Frankenstein and Metropolis

A comparative analysis of Mary Shelley’s Frankenstein and Fritz Lang’s film, “Metropolis”.

This paper operates under the assumption that artistic works – whether films or novels – are not autonomous, and cannot be truly understood outside of the context in which they were created. The paper discusses how Mary Shelly’s Frankenstein, for all of its traces of modernity, is a work of the early 19th century Romantic period, while Fritz Lang’s “Metropolis” is defined by a preoccupation with the technological culture of the 20th century. As such, the paper argues that this film is closer to our apolitical, technology-obsessed 21st century than is Mary Shelley’s novel.
However, it appears that at issue here is not so much the specific of Frankenstein’s scientific and technological knowledge, but rather the world view that these are associated with. After his meeting with the professor in the above quoted passage, Frankenstein is disturbed by contrasting how the medieval masters of science sought immortality and power while modern science was limited to realities of little worth (Shelley, 50). It is not until he encounters another professor, Waldman, that Frankenstein learns how modern scientific methods can be merged with the ambitious visions of the ancients in order to acquire almost limitless powers (Shelley, 51).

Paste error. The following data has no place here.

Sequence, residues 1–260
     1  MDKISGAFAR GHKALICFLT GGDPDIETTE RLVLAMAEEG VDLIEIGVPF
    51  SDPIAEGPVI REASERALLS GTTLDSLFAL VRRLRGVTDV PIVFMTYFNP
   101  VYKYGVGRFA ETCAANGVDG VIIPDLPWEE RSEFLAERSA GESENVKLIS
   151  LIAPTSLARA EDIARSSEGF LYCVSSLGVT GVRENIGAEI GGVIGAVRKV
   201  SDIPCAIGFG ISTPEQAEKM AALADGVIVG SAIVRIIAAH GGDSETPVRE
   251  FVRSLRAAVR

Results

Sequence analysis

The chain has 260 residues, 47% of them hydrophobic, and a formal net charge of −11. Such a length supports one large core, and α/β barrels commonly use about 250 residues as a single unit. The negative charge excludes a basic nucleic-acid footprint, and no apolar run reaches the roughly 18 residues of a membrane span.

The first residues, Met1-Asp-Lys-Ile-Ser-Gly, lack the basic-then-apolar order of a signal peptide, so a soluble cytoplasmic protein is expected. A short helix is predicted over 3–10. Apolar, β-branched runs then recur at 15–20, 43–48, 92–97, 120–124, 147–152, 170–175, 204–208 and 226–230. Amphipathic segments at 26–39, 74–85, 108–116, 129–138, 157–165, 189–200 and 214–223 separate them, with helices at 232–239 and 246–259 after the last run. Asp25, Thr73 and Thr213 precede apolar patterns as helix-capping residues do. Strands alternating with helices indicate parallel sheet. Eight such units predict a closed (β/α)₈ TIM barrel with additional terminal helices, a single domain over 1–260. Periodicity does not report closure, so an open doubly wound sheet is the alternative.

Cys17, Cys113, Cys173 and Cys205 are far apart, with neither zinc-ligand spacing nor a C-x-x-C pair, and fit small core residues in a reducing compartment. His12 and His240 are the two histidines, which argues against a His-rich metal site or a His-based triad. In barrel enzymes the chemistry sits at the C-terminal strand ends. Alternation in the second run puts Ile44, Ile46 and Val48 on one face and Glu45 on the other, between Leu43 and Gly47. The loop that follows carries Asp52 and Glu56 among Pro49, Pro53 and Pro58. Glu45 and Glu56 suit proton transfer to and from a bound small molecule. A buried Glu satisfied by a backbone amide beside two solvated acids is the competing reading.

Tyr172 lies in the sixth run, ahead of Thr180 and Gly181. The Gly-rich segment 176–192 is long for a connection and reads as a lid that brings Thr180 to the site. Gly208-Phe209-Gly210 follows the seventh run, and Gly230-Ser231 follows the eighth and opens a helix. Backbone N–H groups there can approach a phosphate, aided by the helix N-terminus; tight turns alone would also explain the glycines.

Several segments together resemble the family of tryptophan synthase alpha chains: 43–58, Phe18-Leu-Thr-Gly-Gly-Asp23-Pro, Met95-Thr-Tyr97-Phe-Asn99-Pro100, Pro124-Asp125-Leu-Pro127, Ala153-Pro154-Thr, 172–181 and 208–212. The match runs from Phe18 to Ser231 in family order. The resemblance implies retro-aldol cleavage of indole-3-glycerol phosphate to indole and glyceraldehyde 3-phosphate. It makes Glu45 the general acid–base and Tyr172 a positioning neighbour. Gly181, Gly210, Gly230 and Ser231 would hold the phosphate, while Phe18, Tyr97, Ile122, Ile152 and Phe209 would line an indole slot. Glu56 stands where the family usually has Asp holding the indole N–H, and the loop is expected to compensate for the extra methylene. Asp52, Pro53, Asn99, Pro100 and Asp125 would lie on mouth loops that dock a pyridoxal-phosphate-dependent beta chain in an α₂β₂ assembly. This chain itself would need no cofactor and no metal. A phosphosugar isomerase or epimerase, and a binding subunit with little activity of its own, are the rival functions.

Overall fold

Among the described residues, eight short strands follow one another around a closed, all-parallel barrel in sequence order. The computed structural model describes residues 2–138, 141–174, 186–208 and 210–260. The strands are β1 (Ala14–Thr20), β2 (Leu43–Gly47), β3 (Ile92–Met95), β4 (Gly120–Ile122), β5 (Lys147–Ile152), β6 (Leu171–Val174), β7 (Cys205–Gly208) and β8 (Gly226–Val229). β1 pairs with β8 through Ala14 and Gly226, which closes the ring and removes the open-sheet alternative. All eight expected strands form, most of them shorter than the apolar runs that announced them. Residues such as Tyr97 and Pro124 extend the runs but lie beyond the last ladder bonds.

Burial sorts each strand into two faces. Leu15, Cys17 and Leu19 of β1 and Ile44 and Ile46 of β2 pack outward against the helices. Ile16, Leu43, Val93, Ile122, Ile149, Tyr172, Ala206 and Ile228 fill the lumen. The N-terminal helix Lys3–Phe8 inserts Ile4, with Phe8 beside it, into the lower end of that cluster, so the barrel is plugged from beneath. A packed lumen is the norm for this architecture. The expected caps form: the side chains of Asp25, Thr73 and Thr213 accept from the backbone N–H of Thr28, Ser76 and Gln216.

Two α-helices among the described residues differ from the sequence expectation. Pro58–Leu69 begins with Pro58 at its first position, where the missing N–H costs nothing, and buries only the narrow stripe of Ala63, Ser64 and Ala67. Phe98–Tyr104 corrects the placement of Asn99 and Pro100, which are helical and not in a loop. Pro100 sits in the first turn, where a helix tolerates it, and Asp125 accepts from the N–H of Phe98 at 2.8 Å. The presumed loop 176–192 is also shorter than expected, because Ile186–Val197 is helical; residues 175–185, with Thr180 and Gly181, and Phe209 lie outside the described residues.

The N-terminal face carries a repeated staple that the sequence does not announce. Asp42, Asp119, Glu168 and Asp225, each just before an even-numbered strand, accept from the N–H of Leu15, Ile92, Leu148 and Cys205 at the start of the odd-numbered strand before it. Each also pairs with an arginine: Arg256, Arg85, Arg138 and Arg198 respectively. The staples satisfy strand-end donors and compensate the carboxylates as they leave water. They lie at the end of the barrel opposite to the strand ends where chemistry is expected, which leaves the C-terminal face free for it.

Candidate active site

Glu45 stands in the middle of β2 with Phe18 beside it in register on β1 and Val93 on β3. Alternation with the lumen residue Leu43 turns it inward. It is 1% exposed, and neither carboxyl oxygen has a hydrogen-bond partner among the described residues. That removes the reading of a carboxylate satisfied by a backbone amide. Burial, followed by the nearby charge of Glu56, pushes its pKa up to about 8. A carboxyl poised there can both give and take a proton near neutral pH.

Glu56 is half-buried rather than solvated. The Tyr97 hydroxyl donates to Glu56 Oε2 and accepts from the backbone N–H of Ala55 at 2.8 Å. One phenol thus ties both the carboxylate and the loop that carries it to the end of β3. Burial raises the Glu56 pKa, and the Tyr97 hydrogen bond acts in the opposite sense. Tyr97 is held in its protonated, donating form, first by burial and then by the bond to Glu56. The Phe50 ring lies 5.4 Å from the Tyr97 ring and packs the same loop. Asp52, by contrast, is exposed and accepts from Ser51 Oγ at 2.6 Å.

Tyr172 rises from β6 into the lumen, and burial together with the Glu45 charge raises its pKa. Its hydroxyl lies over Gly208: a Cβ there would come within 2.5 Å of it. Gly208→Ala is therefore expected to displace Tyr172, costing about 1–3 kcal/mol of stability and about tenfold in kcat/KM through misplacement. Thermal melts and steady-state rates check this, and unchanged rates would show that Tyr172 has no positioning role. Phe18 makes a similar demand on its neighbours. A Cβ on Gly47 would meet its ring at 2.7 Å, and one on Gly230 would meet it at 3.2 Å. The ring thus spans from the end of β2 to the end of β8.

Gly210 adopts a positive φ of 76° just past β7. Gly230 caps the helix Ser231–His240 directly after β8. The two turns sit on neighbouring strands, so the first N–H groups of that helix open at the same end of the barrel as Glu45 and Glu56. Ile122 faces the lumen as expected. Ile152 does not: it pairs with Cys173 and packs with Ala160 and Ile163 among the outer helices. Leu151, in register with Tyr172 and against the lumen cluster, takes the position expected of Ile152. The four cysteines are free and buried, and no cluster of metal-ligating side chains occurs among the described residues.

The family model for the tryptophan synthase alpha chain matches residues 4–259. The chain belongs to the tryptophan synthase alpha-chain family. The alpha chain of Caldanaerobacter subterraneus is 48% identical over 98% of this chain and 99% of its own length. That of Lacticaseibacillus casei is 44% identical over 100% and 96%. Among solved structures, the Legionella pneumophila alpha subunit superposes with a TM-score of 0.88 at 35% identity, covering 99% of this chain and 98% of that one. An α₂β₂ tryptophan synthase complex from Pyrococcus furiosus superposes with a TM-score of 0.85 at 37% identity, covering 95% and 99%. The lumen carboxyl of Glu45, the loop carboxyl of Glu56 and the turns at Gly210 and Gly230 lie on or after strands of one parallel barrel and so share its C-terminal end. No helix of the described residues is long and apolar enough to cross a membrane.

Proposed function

From this perspective, there is little that is new in the technology of Shelley’s Frankenstein. Her main character is like the medieval legend of Faustus who attempts to achieve knowledge that man was not intended to know. Thus, it is not surprising that in Frankenstein’s encounters with his creation, he names him in medieval fashion as a daemon, a fiend and a devil who belongs in the tortures of hell (Shelley, 90).”